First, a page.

You may need medication at the beginning if your PTSD has gotten out of control. Wouldn’t it be great, however, if you didn’t need to take medication every day to feel normal? Wouldn’t it be great if you could stop the racing thoughts, panic, tense muscles, and irritability without relying on a doctor’s prescription pad?
How to Begin a Meditation Practice
If you are suffering from the effects of trauma and would like to try meditation, here are some steps you can take to get started:
Find a Group Practice
If you’re completely new to meditation, you may want to join a group meditation course that meets every week. You can usually find groups in your local area through online communities such as meetup.com.
Group practices can be helpful as you will have accountability because people will expect to see you there as well as the “buddy system” which has long been shown to be effective in helping people maintain motivation to continue a new habit.
Be open minded
Meditation as long been associated with new age movements. But you would be amazed at the different kids of people that now practice meditation. If you tend to be a skeptical person, try to have an open mind as you begin your practice.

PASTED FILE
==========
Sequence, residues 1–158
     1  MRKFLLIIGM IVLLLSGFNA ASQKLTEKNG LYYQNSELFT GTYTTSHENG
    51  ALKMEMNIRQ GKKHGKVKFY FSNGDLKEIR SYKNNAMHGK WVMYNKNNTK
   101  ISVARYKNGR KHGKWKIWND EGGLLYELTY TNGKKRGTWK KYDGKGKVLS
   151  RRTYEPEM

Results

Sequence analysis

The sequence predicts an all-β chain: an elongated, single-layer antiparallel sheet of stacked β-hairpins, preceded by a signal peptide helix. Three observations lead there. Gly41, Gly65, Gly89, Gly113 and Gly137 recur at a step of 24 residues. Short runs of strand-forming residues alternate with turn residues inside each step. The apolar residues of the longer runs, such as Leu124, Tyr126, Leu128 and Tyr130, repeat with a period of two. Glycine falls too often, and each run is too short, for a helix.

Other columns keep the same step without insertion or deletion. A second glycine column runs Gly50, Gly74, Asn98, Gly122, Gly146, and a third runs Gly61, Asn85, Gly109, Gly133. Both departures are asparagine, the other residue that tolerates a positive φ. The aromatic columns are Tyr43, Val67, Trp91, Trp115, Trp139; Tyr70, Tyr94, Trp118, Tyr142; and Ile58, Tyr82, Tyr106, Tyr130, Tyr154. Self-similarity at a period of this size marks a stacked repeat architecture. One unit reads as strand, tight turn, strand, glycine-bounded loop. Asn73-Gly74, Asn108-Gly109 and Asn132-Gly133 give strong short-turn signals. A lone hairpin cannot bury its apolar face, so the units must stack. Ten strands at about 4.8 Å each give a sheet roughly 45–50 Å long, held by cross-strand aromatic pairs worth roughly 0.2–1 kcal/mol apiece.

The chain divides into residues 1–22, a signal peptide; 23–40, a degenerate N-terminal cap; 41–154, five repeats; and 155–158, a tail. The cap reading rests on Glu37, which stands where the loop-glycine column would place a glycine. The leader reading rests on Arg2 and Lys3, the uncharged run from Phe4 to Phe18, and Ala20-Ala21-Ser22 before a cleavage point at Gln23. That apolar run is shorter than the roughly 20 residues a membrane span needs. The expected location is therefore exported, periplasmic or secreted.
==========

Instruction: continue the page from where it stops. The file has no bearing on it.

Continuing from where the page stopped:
Go with the flow and just see what happens. The best thing about meditation is there are no side effects. You cannot get hurt doing meditation and your PTSD cannot get worse because of it.
It’s called a practice for a reason. You won’t “get” meditation overnight. You’ll have to keep at it before it becomes natural for you and you really reap the benefits. Try to have patience and just keep at it.
As I said above, we are in a culture of quick fixes and instant gratification. These quick fixes are great rewards to the brain. The body and brain do not want to be in the fight/flight response. The body is in this response because something is wrong. When nothing is wrong, the body would rather be in a calm state.
When we get a quick fix, it rewards the brain quickly. We thrive on rewards. When something is good, we want to do it again. This is helpful in the longevity of our species. When we can get out of fight/flight immediately, why wouldn’t we want to do that?
As you’re doing your meditation practice, you will likely find it very difficult at first. Not only are new things difficult in general, but your brain will have a hard time letting the stress go because it is trying to protect you and keep you safe.
The longer you stick with it, the more benefits you will see from it.
How do I meditate?
There are a 7 simple steps to meditation. It is important to remember that everyone’s practice is different, but you do not need to sit in silence for 30 minutes to meditate.
- First decide if you want to do a silent meditation or a guided meditation (listening to someone guide you through the meditation).